Rusty York

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Rusty York
Birth name Charles Edward York
Born (1935-05-24)May 24, 1935
Harlan, Kentucky, United States
Died January 26, 2014(2014-01-26) (aged 78)
Redington Shores, Florida, United States
Genres Bluegrass, country, rockabilly
Occupation(s) Musician, guitarist, singer, songwriter
Years active 1950s–2014
Labels Starday, King, Chess, Jewel

Rusty York (born Charles Edward York; May 24, 1935 - January 26, 2014)[1] was an American musician and singer, and member of the Rockabilly Hall of Fame. He is mostly known for his rockabilly song "Sugaree."

Biography[edit]

York was born in Harlan, Kentucky, United States.[2] His father worked in coal mines having trouble holding a job.[3] His father bought him a guitar and taught him the only chord he knew; young York was mainly self-taught. He listened to the Grand Ole Opry on Saturday nights and to the Mid-Day Merry-Go-Round and Cas Walker programs from Knoxville radio. A 1951 concert appearance by Earl Scruggs & the Foggy Mountain Boys was an inspiration for the young York. York's earliest idols were bluegrass artists: Jimmie Skinner and Lester Flatt & Earl Scruggs.

In 1952, his family left Kentucky for Cincinnati, Ohio. They moved into the Over-the-Rhine area. Within a few weeks, his father died, and the boy had to go to work, initially finding a job in the kitchen at Walt's Restaurant (later Frisch's). As a result, he never finished high school, but did move up the economic ladder by becoming an office boy in a stockbroker's firm. Meanwhile, he began playing in a duo in local clubs with Wilson Spivey during the evenings. York obtained a five-string banjo and began to learn the Scruggs style.[3] Rusty started a bluegrass duo with Willard Hale, playing the local clubs. Just as his bluegrass career was taking off, the duo gigged locally with acts like Jimmie Skinner and Hylo Brown. York decided that an update in their sound was necessary. Soon, they played mostly rock-and-roll songs, but would still perform about 15 minutes of bluegrass nightly. York and Hale cut a version of Buddy Holly's "Peggy Sue" for King, with a remake of Roy Brown's "Shake' Em Up Baby" on the flip. That led to York's teaming up with Midwestern Hayride's vocalist Bonnie Lou in a rockabilly project. They recorded "Let The School Bell Ring, Ding A Ling", written by Henry Glover, and a cover of Billy & Lillie's hit "La Dee Dah".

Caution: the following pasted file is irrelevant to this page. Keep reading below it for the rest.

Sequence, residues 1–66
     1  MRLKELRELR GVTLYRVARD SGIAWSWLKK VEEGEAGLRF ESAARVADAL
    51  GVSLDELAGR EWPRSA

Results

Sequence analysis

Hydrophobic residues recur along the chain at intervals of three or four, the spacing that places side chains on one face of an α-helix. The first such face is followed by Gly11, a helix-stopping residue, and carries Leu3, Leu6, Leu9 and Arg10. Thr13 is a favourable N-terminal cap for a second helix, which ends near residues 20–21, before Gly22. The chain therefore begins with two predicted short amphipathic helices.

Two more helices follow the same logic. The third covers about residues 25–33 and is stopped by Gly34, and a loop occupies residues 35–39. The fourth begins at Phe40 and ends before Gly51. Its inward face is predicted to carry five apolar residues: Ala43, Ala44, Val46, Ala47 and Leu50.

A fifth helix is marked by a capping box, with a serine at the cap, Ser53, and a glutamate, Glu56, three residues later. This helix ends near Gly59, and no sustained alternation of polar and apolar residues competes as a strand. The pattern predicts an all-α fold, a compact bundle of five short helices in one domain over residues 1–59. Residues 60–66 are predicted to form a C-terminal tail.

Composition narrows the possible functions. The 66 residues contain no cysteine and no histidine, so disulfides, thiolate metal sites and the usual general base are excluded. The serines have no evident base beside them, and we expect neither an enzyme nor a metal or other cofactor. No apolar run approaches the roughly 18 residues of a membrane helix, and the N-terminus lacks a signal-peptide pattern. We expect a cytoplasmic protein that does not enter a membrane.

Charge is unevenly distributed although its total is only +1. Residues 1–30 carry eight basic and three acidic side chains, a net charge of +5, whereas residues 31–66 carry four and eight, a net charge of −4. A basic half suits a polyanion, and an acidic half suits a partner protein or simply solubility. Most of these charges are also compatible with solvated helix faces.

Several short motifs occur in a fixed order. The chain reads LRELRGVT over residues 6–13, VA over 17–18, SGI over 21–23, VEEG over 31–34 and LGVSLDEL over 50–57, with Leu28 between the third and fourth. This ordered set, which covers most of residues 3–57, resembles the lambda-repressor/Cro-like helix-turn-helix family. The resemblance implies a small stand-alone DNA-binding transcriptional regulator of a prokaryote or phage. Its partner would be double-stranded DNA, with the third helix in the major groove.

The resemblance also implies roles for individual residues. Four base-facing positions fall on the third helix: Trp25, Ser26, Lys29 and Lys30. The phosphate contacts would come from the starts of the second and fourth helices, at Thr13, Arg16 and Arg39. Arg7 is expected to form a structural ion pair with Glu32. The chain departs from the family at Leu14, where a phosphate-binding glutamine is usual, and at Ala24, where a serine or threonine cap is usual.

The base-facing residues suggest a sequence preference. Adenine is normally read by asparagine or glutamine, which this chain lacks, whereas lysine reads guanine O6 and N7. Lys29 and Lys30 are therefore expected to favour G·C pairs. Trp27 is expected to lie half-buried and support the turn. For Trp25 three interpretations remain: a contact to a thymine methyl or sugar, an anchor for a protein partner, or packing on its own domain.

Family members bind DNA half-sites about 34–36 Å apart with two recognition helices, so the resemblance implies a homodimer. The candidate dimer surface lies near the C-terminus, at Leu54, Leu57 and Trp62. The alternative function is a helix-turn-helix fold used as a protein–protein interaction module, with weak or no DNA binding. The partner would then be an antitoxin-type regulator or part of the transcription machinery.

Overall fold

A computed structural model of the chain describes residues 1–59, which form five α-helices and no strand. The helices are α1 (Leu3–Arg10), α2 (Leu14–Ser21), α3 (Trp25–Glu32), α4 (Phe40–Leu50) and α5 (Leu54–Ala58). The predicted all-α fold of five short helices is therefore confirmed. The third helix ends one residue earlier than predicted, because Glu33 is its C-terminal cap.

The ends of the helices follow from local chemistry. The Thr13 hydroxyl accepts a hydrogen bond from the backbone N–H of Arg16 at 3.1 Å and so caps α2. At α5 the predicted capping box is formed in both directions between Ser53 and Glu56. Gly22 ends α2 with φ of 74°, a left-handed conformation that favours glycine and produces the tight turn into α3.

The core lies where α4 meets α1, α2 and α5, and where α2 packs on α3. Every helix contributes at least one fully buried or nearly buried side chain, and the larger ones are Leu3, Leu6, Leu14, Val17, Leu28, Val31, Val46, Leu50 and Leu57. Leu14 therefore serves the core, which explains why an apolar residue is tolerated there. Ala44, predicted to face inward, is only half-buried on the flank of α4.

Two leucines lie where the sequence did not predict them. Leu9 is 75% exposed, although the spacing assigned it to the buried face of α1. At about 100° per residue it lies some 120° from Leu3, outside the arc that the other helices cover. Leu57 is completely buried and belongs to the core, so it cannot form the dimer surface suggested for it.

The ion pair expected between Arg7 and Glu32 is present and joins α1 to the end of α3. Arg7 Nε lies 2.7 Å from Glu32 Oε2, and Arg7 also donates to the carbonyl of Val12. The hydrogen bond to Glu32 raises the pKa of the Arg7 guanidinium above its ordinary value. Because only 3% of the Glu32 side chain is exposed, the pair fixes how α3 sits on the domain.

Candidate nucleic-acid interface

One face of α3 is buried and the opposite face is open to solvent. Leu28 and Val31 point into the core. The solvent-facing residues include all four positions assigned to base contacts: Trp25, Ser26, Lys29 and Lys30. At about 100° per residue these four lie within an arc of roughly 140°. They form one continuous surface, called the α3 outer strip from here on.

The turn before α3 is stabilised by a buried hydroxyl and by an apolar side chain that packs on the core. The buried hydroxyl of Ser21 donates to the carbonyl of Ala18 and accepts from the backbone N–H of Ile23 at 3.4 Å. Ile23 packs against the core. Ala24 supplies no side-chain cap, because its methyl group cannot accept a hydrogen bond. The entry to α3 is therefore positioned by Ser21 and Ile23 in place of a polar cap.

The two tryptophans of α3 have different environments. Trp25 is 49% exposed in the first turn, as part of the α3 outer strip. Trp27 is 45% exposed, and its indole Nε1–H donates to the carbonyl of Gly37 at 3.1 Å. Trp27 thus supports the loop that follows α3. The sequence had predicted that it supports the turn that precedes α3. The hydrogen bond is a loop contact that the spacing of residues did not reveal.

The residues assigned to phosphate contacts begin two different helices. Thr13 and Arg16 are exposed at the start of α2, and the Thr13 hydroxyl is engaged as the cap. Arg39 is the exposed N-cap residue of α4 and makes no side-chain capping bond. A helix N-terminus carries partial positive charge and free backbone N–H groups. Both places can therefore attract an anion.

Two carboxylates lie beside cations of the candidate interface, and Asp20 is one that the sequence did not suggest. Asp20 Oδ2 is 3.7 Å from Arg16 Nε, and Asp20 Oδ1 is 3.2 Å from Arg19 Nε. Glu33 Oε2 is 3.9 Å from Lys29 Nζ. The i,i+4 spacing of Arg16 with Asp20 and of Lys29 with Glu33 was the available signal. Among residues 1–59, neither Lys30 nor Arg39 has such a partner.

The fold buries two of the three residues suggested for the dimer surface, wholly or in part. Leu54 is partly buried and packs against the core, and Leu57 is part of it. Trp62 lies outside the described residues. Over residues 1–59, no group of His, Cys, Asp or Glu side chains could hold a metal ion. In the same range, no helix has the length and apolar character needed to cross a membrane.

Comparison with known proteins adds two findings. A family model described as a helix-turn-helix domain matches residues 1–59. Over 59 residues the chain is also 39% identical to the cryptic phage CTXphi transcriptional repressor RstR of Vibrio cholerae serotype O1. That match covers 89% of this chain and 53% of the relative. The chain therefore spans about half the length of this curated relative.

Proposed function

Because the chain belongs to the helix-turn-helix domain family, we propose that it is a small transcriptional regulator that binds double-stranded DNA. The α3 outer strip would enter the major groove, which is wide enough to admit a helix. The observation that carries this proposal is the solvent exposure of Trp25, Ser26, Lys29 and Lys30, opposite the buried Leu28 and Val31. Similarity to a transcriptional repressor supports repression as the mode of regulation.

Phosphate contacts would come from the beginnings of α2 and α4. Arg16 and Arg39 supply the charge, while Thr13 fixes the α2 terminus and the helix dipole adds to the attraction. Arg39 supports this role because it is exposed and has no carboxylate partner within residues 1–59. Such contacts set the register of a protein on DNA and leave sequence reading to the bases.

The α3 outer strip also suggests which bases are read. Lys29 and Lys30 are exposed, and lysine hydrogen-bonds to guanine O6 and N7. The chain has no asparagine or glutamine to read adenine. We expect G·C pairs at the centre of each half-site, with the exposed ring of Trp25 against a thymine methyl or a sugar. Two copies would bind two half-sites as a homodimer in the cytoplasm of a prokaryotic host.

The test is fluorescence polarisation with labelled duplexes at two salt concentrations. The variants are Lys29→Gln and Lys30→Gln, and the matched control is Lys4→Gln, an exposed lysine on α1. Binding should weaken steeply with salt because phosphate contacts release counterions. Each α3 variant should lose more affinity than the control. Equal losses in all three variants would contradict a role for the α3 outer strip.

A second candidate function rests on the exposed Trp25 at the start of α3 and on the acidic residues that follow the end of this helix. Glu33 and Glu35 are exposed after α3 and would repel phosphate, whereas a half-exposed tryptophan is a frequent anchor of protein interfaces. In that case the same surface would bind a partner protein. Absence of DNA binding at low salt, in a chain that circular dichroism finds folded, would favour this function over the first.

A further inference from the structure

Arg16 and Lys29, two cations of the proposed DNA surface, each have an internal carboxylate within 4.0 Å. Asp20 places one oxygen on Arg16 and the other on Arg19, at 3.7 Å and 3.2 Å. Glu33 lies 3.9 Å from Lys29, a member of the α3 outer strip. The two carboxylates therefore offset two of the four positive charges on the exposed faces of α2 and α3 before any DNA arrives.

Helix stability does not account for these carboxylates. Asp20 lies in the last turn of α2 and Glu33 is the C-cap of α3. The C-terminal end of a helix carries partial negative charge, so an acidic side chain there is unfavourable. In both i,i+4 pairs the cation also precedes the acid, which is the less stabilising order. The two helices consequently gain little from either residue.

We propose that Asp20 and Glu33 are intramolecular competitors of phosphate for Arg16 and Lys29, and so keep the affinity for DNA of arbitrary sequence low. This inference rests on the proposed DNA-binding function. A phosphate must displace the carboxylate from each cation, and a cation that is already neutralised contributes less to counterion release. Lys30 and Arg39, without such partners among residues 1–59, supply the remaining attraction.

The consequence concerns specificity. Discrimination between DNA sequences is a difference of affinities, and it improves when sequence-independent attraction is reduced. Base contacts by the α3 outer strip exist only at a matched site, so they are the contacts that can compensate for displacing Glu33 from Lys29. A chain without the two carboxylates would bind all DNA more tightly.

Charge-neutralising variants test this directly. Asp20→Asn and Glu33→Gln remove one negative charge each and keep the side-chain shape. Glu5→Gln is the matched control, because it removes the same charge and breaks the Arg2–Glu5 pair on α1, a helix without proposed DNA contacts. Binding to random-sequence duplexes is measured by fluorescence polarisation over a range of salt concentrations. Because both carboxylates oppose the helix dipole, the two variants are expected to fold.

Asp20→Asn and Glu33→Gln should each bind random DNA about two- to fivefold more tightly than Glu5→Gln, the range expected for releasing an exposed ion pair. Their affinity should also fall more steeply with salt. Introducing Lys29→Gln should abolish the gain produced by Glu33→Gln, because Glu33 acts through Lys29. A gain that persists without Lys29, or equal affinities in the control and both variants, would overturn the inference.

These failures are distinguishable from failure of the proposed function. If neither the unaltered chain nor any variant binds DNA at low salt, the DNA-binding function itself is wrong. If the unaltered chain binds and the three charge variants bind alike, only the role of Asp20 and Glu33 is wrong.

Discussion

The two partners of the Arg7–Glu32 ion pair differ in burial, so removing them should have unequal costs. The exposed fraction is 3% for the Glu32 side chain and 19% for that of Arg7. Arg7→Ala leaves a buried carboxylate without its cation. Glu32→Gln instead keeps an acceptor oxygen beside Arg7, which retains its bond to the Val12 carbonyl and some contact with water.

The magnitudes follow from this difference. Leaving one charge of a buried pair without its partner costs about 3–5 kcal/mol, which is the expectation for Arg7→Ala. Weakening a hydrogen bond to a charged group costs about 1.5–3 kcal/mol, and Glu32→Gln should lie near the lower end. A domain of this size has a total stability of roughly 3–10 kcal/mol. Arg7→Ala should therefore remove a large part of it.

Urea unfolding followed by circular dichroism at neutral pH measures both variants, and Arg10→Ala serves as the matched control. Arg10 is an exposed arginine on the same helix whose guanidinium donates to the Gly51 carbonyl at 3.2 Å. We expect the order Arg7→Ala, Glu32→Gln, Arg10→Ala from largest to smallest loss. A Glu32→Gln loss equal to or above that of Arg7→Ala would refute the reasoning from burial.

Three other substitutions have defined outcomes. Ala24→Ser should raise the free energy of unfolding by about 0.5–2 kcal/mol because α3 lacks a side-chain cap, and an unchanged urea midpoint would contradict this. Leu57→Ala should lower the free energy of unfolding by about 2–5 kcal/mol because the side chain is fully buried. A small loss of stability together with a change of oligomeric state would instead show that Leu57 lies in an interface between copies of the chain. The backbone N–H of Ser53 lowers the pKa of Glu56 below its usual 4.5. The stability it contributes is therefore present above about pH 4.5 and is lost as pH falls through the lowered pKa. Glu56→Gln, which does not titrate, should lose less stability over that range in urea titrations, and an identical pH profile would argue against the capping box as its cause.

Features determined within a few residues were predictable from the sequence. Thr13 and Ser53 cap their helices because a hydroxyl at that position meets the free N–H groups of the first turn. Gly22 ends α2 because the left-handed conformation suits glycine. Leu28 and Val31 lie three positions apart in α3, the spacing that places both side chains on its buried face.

By 1958, York had assembled a band, the Cajuns, which consisted of York on vocals and guitar, Bill Lanham on bass, blind saxophone player Jimmy Risch, John Bower on piano, and Rick Lundy on drums. In 1959, the group backed Jackie Shannon (later known as Jackie DeShannon) on "Just Another Lie". The B-side, "Cajun Blues", was an instrumental by the Cajuns, and recorded for Fraternity. In 1959, they also recorded "Just Another Lie", also for Fraternity. A few weeks later a friend named Pat Nelson rented the King studio for an independent session intended for his PJ label. York recorded a single, with an up-tempo version of instrumental "She'll Be Coming Round the Mountain" on one side, re-titled "Red Rooster", and Marty Robbins' composition "Sugaree", the Jordanaires had recorded in November 1956, on the other side. In 1959, "Sugaree" reached #77 on the Billboard Hot 100. Soon, Rusty York toured with Dick Clark of American Bandstand fame. That tour included a sellout appearance at the Hollywood Bowl. The show also included Frankie Avalon, Duane Eddy, and Annette Funicello. As Rusty and the Cajuns opened the show, they had the honor of being the first rock act to play the Hollywood Bowl.[3]

The rockabilly phase was a minor success, and by the 1960s, York had returned to bluegrass and turned towards country music. In 1961, he started building a studio in his garage. By the early 1970s, York had retired from performing to concentrate on his Jewel Records imprint/studio full-time. Jewel continued to operate out of Cincinnati throughout the 1980s and 1990s, and into the 21st century. He continued to play music and remained friends with many of the other artists with whom he has risen to fame. After selling the Jewel Recording Studio in 2008, York and his family relocated from Southern Ohio to the Florida.

Rusty York died on January 26, 2014, in Redington Shores, Florida, after a long bout with degenerative brain disease. He was 78.[2]

Discography[edit]

  • 1960 - Rust York and the Kentucky Mountain Boys
  • 1968 - Sings Like Crazy
  • 1973 - Dueling Banjos
  • 1981 - Rock 'n' Memories
  • 2001 - Early Bluegrass
  • 2004 - Rusty Rocks

Musical contributions[edit]

  • "Shake 'Em Up Baby"
  • "Peggy Sue"
  • "Sugaree"
  • "Red Rooster"
  • "The Lock On Your Heart"
  • "Don't Do It"
  • "Sadie-Mae"
  • "Margaret Ann"
  • "That's What I Need"
  • "Just Like You"
  • "Love Struck"
  • "Goodnight [!!] Cincinnati, Goodmorning [!!] Tennessee"
  • "Tore Up Over You"
  • "Tremblin'"
  • "I Might Just Walk Right Back Again"
  • "Sally Was A Good Old Girl"
  • "Big Man, Big House"
  • "Crazy"
  • "Sing The Girls A Song, Bill"

References[edit]

  • Artist Direct (2006)[4]
  • The Rockabilly Hall Of Fame (2006)[3]
  1. ^ "Country Music, Rockabilly & Hillbilly: Rusty York R.I.P". Hillbillycountry.blogspot.de. 2014-01-28. Retrieved 2014-02-05. 
  2. ^ a b "January to June 2014". The Dead Rock Stars Club. Retrieved 2014-02-05. 
  3. ^ a b c d "Rusty York". Rockabillyhall.com. Retrieved 2014-02-05. 
  4. ^ "Rusty York @ARTISTdirect". Artistdirect.com. 1935-05-24. Retrieved 2014-02-05.